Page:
Solar, wind, biofuels and other renewable sources of energy get the hype, but there’s no getting around the fact that most of our electricity still comes from fossil fuels. About half the U.S.’s electricity and 40% of the world’s power comes from carbon-intensive coal. That’s bad news for the climate—coal is the single-biggest source of manmade greenhouse gas emissions in the world.
It’s also why the development of effective carbon capture-and-sequestration (CCS) projects—power plants that could filter the greenhouse gases usually emitted by burning coal and prevent that carbon from reaching the atmosphere—could make the difference for climate change. James Fallows put it well in a cover story for the Atlantic last year:
One is that coal can be used in less damaging, more sustainable ways than it is now. The other is that it must be used in those ways, because there is no plausible other way to meet what will be, absent an economic or social cataclysm, the world’s unavoidable energy demands.
The technological and economic challenges of CCS are immense, though. Not only do we have to figure out how to filter carbon emissions in the same way we’ve learned to filter traditional pollutants like sulfates or ash, but we also need to find a place to safely store hundreds of millions of tons of carbon gas underground. We’re not even sure yet that CCS is safe—if massive amounts of carbon dioxide escaped from the ground in an accident, it could pose a major health threat. A sudden release of carbon dioxide from a volcanic lake in Cameroon in 1986 smothered over 1,200 people while they slept. Is CCS potentially dangerous?
Thankfully, it looks not. In a new study published in the September 12 Proceedings of the National Academy of Sciences, researchers led by Stuart Haszeldine of the University of Edinburgh tallied the number of human deaths near 286 sites in Italy and Sicily where carbon dioxide naturally seeps from the ground because of volcanic activity. They found that the risk of death from CO2 leakage was just 1 in 100 million—some 10,000 times less than the chance of being killed in a car accident in Italy, for example, which if you’ve experienced Italian traffic, actually seems kind of low.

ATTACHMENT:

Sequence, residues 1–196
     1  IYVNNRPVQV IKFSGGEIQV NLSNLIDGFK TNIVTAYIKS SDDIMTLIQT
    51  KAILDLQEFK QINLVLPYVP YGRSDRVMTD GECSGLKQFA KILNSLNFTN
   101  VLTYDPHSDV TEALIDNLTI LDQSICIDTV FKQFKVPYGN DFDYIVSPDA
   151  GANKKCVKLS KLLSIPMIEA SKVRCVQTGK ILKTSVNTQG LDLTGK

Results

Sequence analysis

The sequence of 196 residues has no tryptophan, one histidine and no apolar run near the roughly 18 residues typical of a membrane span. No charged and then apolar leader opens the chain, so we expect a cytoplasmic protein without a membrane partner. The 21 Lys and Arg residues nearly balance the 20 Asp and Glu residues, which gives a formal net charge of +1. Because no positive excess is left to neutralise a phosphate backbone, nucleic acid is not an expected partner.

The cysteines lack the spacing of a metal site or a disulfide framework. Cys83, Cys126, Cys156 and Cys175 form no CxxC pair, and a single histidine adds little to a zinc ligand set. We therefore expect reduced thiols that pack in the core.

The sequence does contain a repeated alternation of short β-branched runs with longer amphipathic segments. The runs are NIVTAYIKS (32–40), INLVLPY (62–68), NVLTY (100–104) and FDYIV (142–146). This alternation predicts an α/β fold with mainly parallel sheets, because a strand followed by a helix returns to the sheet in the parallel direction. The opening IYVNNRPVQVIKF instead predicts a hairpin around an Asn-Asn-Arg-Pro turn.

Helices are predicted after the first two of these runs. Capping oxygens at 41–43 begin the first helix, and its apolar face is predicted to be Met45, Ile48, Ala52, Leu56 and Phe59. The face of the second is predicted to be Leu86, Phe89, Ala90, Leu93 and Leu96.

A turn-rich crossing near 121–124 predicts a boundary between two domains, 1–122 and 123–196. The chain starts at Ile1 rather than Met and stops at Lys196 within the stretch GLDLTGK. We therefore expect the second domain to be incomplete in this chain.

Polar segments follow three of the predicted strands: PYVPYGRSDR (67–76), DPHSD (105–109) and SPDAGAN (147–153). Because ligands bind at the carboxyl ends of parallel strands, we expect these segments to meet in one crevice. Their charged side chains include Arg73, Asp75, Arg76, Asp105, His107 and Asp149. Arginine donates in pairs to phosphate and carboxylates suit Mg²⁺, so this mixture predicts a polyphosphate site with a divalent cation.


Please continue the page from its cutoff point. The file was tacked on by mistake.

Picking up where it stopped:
As Haszeldine said:
Our findings show that storing CO2 underground is safe and should allay any concerns that the technology poses a significant threat to health.
So that’s good news, though I suspect that if CCS plants were really put into place, there would still be significant public resistance, especially among those living near carbon storage sites. As the debate over shale gas fracking shows, people tend to emphasize—perhaps overemphasize—the risks of new and unknown energy projects, especially if they’re nearby. Still, the PNAS study indicates that there doesn’t seem to be much to worry about.
But safety is one thing—cost is another. There have only been a few pilot CCS projects developed so far—mostly in Europe, where a price on carbon exists—and right now the process seems to add 15 to 20% to the overall price tag. That’s hardly cheap. And there are additional questions about where we might store billions of tons of carbon underground, and how difficult it might be to build all the additional infrastructure—think pipelines to move carbon from power plants to storage sites—around the world.
Most of all, money channeled to CCS is money that isn’t going to renewables, as Stan Blackley of Friends of the Earth told the BBC:
The technology of CCS is as yet unproven at any commercial scale. We are concerned that CCS will be used as an excuse by the energy industry to develop new fossil fuel-fired power stations.
CCS looks like it’s safe. But that doesn’t mean it’s worth the cost.